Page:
Tuesday, November 13, 2012

How to Prepare Your Dog for Your Newborn Baby

If you are like much of the population, your four-legged friend is your first "baby." Many people worry needlessly about how their dog will handle a baby in their life. Many owners think of getting rid of the family pets because of fears that they will harm the baby. Please do not do this unless there is no other option. Most dogs, when treated and trained properly, can handle life with a newborn very well.

Children and pets make wonderful companions when raised properly together and taught how to behave with each other. Children that grow up in a home with pets learn respect and love for animals, and more importantly, respect for life. As the children grow older they can learn responsibility by helping to care for the animals. Animals enrich our and our children's lives beyond belief.

Having a baby can cause problems for both humans and dogs, as the dog tends to be treated differently, and because of this, may act differently. Some owners baby the dog more, causing the dog to become spoiled and hard to handle. Other owners get over-stressed and punish the dog for normal, curious behavior toward the baby. Often our pets are the center of our world, our "babies" if you would, and can get "jealous" if not equipped to handle losing that status to the new baby. If you are willing to make the time and effort to prepare your pets for the new arrival, everyone can live in harmony.

Sometimes the dogs become overprotective of the baby. Many owners enjoy and even prefer the dog being a guard for the baby. While it is normal for the dog to become protective of the baby, it is dangerous for the dog to become overprotective and not let anyone near the baby. All of the above scenarios can lead to the dog being kicked out of the house!

As you are making preparations to bring home baby, you need to prepare your dog(s) for the same in advance if possible. While most dogs will be very gentle with the baby, many dogs do not see babies as humans because of their size, smell, and the strange noises they make. By taking the time to give your dog some extra love and attention he should be fine and not turn to bad behavior to get your attention. You need to prepare and educate your dog for what lies ahead. This will ensure that they are ready and willing to accept the new family member with open and loving paws.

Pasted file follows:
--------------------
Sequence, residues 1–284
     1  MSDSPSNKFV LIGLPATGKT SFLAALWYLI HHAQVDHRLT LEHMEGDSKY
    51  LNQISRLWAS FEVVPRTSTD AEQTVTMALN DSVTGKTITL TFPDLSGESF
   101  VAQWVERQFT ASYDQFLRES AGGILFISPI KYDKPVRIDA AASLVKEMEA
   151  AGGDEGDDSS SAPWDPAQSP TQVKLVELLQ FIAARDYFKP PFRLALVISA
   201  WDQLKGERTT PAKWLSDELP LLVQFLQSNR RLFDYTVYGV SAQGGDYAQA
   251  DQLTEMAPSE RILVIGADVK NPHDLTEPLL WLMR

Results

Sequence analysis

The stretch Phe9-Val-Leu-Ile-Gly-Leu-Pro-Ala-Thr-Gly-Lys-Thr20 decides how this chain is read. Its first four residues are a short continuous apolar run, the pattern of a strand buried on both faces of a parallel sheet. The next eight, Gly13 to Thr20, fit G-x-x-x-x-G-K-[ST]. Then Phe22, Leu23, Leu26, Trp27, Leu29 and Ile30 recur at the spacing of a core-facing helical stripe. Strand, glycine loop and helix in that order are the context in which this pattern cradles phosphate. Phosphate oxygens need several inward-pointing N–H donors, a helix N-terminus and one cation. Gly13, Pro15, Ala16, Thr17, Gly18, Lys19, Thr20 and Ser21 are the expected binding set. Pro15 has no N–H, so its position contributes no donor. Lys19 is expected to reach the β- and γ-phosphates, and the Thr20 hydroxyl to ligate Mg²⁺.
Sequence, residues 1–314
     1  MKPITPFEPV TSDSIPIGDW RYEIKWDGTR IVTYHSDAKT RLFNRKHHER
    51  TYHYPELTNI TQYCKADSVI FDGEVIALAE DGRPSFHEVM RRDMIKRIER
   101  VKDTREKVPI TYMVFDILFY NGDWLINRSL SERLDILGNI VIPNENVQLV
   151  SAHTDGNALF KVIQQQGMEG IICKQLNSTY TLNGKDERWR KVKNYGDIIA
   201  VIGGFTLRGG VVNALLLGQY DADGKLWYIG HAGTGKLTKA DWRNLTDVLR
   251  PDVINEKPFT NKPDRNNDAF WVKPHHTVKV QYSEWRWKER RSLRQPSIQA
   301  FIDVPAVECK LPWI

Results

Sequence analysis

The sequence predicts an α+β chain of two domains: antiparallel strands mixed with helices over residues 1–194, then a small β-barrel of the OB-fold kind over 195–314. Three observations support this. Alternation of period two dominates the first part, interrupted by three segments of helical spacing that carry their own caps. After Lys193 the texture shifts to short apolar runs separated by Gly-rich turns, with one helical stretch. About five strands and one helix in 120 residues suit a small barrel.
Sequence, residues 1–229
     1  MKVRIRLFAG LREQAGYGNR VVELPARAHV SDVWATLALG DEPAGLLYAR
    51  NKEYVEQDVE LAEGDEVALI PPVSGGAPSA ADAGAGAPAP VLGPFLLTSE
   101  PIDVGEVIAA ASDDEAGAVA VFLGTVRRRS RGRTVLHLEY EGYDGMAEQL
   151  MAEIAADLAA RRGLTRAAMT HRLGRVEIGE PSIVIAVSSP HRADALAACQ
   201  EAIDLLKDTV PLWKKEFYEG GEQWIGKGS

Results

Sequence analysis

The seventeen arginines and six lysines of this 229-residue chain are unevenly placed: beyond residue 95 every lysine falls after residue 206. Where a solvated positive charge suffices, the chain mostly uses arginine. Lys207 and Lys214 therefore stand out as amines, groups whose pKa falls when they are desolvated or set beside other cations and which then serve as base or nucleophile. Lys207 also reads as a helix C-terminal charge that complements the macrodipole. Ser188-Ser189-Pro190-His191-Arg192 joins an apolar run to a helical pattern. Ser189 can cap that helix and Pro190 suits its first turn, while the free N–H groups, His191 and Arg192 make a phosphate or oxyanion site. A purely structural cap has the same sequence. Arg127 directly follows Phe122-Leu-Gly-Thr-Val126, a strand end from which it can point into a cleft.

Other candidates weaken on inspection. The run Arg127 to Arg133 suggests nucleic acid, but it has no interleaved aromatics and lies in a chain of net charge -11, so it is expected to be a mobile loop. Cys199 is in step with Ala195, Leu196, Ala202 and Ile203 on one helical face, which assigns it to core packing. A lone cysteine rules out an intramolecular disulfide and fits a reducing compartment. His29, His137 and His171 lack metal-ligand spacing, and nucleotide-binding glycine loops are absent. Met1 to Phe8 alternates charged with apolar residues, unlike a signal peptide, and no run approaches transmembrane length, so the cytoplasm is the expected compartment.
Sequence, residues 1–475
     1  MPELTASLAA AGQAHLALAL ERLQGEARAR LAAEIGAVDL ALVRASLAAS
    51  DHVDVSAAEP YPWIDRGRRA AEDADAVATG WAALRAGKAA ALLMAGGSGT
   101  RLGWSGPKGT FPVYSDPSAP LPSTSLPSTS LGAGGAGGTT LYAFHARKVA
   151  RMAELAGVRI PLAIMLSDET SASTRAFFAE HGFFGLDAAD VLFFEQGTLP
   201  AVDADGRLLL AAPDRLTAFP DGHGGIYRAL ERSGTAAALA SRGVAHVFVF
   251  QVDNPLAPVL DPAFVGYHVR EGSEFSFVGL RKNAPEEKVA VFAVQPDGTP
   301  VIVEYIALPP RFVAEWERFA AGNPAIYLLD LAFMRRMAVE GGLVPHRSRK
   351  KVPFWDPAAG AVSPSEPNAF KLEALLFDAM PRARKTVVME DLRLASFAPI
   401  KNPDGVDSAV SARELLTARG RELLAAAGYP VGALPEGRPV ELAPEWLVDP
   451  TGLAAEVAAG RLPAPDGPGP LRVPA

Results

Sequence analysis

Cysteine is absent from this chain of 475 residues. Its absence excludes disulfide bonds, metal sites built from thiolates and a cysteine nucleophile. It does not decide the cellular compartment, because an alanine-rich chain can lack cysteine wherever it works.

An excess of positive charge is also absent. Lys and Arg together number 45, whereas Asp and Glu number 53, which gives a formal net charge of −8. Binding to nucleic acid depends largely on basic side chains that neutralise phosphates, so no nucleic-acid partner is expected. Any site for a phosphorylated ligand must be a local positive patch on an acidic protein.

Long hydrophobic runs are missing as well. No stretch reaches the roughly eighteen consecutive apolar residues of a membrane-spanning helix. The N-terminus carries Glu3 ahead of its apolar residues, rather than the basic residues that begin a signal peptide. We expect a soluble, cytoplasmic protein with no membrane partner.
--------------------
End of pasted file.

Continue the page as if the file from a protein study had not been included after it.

Using calming remedies (herbs, aromatherapy, oils) and or prescription medications are also an option to help facilitate a better behaved dog. You can talk to your veterinarian to inquire about these products and the implications associated with their use. I am a believer in the holistic approach whenever possible, instead of using drugs.

Please, please always be aware that your dog is an animal and animals can bite or do harm to a baby, intentionally or unintentionally. No matter how well-behaved or loving your dog is NEVER LEAVE YOUR DOG ALONE WITH YOUR BABY! I cannot stress this enough. Accidents can happen. You do not want to harm your baby or have to get rid of your dog because of an unfortunate, and possibly avoidable, incident.

If you are unsure that your dog will accept your new baby, please seek the advice of a professional trainer or behaviorist before making any decisions.

Believe it or not, your behavior with, and toward your dog matters. It can make or break your dog's acceptance of and respect for your baby. If you act like a leader, you will be treated like a leader. You want your dog to respect every human being in your household, including your baby. You must teach your dog respect for the baby. This will make life easier for all those involved.

Baby Sleep Training - How to Mimic the Feeling of the Womb

For the entire beginning of their lives, babies are accustomed to one environment: the womb. It can be very jarring to come into a new world with so much new stimuli, and it can cause a feeling of insecurity in baby. The best way to help baby sleep more soundly, make the transition, and feel safe is to mimic some of the feelings of the womb.